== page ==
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Linear Recurrence Relations with Constant Coefficients

Consider the linear recurrence relation with constant coefficients (LRRwcc)

b0 yn + b1 yn1 + + bd ynd = fn
for n d, or
b0 yn+d + b1 yn+d1 + + bd yn = gn
for n 0, where b0 , . . . , bd are given constants with b0 bd 6= 0 and hgn i = hfn+d i is a given
sequence. If this given sequence is identically zero, the LRRwcc is said to be homogeneous;
otherwise, nonhomogeneous.
The characteristic polynomial is P (x) = b0 xd + b1 xd1 + + bd = dj=0 bj xdj , a
polynomial of degree d. In terms of operator calculus with E being the advancing operator
(Eyn = yn+1), the LRRwcc may be written
P (E)yn = gn .

Homogeneous Case
KEY IDEA: If yn = r n , then P (E)yn = r n P (r). Thus, if r is a number for which P (r) = 0,
then yn = r n is one solution of the homogeneous LRRwcc P (E)yn = 0.
1. Solve the characteristic equation, P (r) = 0.
2. If there are d distinct roots r1 , , rd , then the general solution of P (E)yn = 0 is given
yn = C1 r1n + + Cd rdn
where C1 , . . . , Cd are arbitrary constants. If the initial d values y0 , . . . , yd1 are given,
they determine d linear equations for the d constants. (In some cases the roots are
not real but are complex numbers. Then, if the original b0 , . . . , bd and y0 , . . . , yd1 are all
real, then the subsequent yn are actually real numbers, appearances notwithstanding. Using
deMoivres formula, (r cos + i sin )n = r n ein = r n (cos n + i sin n), it is possible, though
tedious, to rewrite the answer in all real terms.)

3. If there are fewer than d distinct roots, then the characteristic polynomial may be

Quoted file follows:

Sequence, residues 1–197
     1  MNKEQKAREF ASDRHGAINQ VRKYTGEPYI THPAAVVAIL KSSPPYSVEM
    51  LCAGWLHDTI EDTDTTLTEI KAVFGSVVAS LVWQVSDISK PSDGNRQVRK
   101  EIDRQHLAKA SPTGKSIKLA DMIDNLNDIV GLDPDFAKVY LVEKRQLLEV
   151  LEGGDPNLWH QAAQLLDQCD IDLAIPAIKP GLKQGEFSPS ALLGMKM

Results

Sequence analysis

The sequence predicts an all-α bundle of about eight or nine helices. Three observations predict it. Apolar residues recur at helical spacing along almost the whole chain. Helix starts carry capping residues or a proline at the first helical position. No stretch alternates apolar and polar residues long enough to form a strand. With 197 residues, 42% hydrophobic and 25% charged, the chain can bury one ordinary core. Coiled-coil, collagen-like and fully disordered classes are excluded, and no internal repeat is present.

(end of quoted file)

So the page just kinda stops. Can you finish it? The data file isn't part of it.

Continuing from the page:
written P (r) = b0 (r r1 )m1 (r rh )mh where r1 , . . . , rh are the distinct roots and
m1 , . . . , mh their respective multiplicities. Then the general solution is of the form
yn = (A1 + A2 n + + Am1 nm1 1 )r1n + + (B1 + B2 n + + Bmh nmh 1 )rhn
In other words, the contribution of rj to the solution is rjn times a polynomial in n of
degree mj 1.

Nonhomogeneous Case
This section considers only special sequences hgn i. Linear combinations of such sequences
may be handled by linearity.
1. Given the nonhomogeneous equation P (E)yn = gn , first solve the homogeneous equation P (E)yn = 0. Let yn(h) denote the general homogeneous solution (with the arbitrary
constants not yet determined).
2. Try to find a particular solution yn of the nonhomogeneous equation as follows.
If gn = an ,
If gn = sin(cn) or cos(cn),
If gn = an sin(cn) or an cos(cn),
If gn = np ,
If gn = np an ,

yn = Aan .
yn = A sin(cn) + B cos(cn).
try yn = an (A sin(cn) + B cos(cn)).
yn = A0 + A1 n + + Ap np .
try yn = an (A0 + A1 n + + Ap np ).

If this works, let yn(p) = yn be the particular solution. In the cases involving an , this
wont work if a is a root of the characteristic equation. In this case, if a is a root of
multiplicity m, multiply the first trial solution yn by nm to get the actual trial solution:
yn(p) = nm yn . Substituting the form for yn(p) into the nonhomogeneous equation, youll
get an equation that will determine the constants (A and/or B or A0 , . . . , Ap ).
3. The general solution is the sum of the general homogeneous solution and the particular
nonhomogeneous solution: yn = yn(h) + yn(p) . If the initial values y0 , . . . , yd1 are given,
then they determine d equations for the d formerly arbitary constants.